Mustapha Farrakhan led UVa with 14 points.
When the Emergency Alert System interrupted the postgame radio broadcast in Charlottesville, Cavalier fans were probably thinking it was far too late for a disaster advisory. After all, the warning was needed approximately 30 minutes before that. That’s when the UVa men’s basketball team suffered a shocking collapse and squandered a 10-point lead in the final 45 seconds of its ACC Tournament opener with Miami on Thursday. The Hurricanes stunned the Hoos with a 10-0 run in 29 seconds and won the game 69-62 in overtime.
The loss left the Cavaliers feeling disappointed and perplexed.
“It’s tough to describe. The last minute kind of feels like a whirlwind a little bit,” senior Will Sherrill said. “The fact that I might have played my last game just now is certainly, um, it just feels weird. It’s kind of a shock a little bit. When you pour so much of yourself and your life into doing something for four years as me and Mustapha [Farrakhan] have, the fact that it ends like this, it hurts a lot. I’d be lying to say that it doesn’t hurt lot.”
Exactly what happened in the final minute to cause such a collapse? Miami, predictably, turned up the pressure, trapped fullcourt, and fouled to extend the game. Virginia just needed to take care of the ball, make free throws, and defend the 3-point line to thwart the end-game strategy. Unfortunately, the Hoos couldn’t come up with the ingredients for that recipe.
Miami’s Durand Scott and Malcolm Grant each canned 3-pointers. UVa’s Sammy Zeglinski missed a pair of free throws, part of four misses down the stretch from the junior guard. Still, the game probably remains in Virginia’s hands if it had avoided turnovers. It didn’t. Jontel Evans fired a pass back to the inbounder, but Zeglinski couldn’t handle the low ball and it careened out of bounds; the Canes’ Julian Gamble dunked on the inbounds play to cut the lead to 53-51 with 19.5 seconds to play. After inbounding the ball to Mustapha Farrakhan , the Hoos had to call a timeout to bail him out of a corner trap. On the next inbounds play, Evans forced another ball toward Farrakhan and the Hurricanes stole the pass; Scott scored on the play and was fouled, but missed the free throw that could have ended the game in regulation.
KT Harrell provided some offense with 9 points.
Not that overtime went much differently. Virginia took a brief lead, but couldn’t stop Grant as he scored three points from the free throw line and assisted on two other baskets. Evans missed a free throw with a chance to tie things at 58 and Miami eventually sewed up the seven-point win.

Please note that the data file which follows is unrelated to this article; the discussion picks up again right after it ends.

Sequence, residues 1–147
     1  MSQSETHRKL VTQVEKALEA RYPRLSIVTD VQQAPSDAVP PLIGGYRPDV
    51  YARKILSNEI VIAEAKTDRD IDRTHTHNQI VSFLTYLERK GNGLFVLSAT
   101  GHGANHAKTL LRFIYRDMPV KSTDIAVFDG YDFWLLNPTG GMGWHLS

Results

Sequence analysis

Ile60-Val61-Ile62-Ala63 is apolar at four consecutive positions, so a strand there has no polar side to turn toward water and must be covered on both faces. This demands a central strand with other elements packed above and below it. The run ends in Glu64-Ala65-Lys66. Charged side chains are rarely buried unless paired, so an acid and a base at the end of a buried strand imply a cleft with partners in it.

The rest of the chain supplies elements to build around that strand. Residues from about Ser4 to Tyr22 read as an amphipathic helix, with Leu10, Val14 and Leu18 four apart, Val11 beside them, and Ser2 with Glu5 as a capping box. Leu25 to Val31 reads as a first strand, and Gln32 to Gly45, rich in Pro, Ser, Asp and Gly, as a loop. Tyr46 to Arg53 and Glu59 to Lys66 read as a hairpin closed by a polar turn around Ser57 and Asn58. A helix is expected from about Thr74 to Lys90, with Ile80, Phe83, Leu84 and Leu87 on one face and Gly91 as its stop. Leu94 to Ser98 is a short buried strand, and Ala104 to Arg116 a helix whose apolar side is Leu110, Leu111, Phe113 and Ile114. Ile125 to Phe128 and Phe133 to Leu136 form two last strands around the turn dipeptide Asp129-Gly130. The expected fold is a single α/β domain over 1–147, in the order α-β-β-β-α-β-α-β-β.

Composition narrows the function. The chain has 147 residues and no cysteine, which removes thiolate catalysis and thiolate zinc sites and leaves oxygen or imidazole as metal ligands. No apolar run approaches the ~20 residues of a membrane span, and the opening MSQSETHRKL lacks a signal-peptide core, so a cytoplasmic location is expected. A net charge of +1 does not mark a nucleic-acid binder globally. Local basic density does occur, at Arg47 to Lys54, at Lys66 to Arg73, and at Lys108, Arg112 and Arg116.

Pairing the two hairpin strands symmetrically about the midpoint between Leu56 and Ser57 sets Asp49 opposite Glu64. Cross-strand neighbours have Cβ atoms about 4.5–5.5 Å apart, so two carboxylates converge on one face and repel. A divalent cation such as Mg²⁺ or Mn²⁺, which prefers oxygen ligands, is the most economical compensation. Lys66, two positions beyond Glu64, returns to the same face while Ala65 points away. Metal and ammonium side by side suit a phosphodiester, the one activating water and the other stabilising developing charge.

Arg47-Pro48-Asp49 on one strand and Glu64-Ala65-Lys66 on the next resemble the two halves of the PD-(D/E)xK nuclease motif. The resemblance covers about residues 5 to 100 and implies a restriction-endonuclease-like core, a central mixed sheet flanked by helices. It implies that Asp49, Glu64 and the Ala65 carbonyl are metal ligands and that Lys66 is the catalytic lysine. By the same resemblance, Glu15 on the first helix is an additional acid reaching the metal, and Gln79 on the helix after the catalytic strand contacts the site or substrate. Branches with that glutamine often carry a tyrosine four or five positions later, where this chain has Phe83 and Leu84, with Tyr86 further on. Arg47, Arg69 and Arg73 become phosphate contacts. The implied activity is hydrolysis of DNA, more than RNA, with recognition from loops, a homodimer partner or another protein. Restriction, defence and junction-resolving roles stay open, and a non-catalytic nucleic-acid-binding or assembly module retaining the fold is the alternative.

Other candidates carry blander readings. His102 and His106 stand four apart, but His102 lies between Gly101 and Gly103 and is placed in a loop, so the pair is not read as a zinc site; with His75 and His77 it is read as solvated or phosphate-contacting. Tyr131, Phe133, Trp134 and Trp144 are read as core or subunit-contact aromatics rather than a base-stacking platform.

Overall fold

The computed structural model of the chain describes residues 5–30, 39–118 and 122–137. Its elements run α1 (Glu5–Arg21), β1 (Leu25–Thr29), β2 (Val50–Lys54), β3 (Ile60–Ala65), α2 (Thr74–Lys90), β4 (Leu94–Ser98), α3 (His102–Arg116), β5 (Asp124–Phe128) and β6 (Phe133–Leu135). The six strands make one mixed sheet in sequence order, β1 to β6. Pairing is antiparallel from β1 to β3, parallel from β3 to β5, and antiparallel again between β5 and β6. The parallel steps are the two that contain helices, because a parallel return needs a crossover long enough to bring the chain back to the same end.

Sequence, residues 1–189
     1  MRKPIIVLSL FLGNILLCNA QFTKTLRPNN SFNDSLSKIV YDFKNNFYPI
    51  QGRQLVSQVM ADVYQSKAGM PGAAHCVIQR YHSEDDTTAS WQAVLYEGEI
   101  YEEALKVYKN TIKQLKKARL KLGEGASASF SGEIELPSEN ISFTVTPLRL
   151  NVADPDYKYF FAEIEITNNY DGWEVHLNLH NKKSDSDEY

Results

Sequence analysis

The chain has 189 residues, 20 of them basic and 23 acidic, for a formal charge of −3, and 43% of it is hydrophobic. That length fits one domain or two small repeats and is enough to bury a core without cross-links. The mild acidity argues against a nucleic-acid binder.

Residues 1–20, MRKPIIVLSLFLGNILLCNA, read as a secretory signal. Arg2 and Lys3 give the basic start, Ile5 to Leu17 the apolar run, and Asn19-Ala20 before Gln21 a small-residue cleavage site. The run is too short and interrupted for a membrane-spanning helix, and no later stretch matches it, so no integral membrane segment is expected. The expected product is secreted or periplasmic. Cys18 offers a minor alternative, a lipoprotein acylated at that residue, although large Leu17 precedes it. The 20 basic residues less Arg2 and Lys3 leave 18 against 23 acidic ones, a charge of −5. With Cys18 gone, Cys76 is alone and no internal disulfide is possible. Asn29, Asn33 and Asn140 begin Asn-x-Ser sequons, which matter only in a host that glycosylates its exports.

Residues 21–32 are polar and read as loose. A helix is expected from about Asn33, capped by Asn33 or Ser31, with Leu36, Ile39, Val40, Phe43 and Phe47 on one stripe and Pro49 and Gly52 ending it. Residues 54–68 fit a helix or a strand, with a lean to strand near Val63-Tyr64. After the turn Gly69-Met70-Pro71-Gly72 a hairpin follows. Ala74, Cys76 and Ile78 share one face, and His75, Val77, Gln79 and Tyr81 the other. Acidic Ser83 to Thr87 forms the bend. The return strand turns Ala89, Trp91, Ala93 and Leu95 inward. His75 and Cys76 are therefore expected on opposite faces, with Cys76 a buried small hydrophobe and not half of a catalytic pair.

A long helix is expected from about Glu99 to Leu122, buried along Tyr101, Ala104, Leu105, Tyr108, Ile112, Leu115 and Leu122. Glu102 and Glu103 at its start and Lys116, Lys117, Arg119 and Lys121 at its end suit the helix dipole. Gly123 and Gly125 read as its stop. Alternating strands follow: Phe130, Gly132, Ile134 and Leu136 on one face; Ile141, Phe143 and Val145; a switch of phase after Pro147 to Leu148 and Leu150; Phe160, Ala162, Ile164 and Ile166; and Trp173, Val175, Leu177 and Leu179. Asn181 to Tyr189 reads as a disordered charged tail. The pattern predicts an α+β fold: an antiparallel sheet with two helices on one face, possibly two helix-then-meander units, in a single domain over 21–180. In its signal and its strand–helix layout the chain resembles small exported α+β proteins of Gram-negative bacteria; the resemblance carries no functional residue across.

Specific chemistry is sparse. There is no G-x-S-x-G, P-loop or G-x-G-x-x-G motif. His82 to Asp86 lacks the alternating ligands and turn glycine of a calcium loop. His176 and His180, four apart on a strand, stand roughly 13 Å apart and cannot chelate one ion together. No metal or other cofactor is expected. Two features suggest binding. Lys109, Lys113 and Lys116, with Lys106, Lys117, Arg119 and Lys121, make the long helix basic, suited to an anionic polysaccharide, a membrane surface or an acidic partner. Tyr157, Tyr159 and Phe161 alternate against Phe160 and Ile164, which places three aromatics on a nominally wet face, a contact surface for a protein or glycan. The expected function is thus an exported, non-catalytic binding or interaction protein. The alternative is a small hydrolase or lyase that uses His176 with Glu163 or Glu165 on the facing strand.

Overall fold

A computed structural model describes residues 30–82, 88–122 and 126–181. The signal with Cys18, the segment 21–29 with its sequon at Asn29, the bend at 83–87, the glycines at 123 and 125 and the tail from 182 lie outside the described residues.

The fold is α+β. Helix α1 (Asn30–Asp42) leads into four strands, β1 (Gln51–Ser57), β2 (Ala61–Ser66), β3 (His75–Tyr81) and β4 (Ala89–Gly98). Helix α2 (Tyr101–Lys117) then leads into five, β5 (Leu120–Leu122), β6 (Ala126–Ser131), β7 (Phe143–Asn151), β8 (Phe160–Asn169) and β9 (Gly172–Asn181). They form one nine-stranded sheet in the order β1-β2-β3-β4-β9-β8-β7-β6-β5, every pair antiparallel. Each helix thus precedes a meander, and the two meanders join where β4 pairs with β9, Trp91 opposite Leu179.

“To end it like that, that is hard. You’ve got to have composure down the stretch. I said you’ve got to make free throws and take care of the ball and when you don’t do that, you put yourself in harm’s way. We didn’t do either of those things,” UVa coach Tony Bennett said. “We even gave up a little slip for a dunk for in that flurry and that bothered us. To get to that point, I liked what I saw. It felt good and then boom, it changed quick.”
Indeed, the frustrating finish may not have been as tough to take if the Cavaliers had not dominated the second half for the first 19 minutes. After all, the Virginia defense allowed Miami just three field goals for approximately 18 minutes and held the Hurricanes to 4-of-24 shooting in the half before the shocking surge at the end (the Canes made 9 of their next 10 shots).
In the meantime, the Hoos started to find a groove. KT Harrell in particular sparked an offensive outburst with 7 points during a 20-2 run by Virginia, which took a 50-39 lead with the spurt. In addition to Harrell, Evans scored twice, Zeglinski drained a 3-pointer on an inbounds play with just 5 seconds on the shot clock, and Sene made a lay-up to provide the balanced scoring punch. Even when Miami cut the lead to 50-43 with 1:04 to play, things seemed fine for the Hoos as Sene and Farrakhan made 3 of 4 free throws to push the lead back to 10 points.
“It really stings. I really thought our guys bounced back and defended in the second half the way they needed to and offensively they were efficient,” Bennett said. “Then we got down to the end of the game, we missed some free throws, we had some silly turnovers, and with a lead like that, you have to give Miami credit for making the shots, but if you don’t take care of the ball and you miss free throws and you can’t ice the game, you put yourself in spots where you can lose it. It was unfortunate. It stings.”
Despite the disappointing outcome to the game, many observers feel there is reason for optimism at UVa. The Cavaliers overcame the early injury absence of Zeglinski and the loss of captain Mike Scott, the team’s only true interior scoring presence coming into the season, to injury to post a 16-14 record in the regular season. Virginia also lost the services for Sherrill, a senior starter and captain, for a long stretch of games after he broke his leg. The Hoos managed to finish in a seventh-place tie in the league standings at 7-9 after being picked to finish 11th in the preseason despite all of that.
Sherrill said that he sees a bright future with Coach Bennett at the helm.
“I wish I had two more years with Coach Bennett because the way he approaches every day in practice, the way his staff pushes us all to get better, and what he stands for in his program, the program is on the way up definitely,” Sherrill said. “I think as soon as next year with the guys coming back that we have and especially with Mike getting healthy … I think there’s a lot of good expectations that we should have where we should be getting into the NCAA Tournament and challenging for ACC Championships.”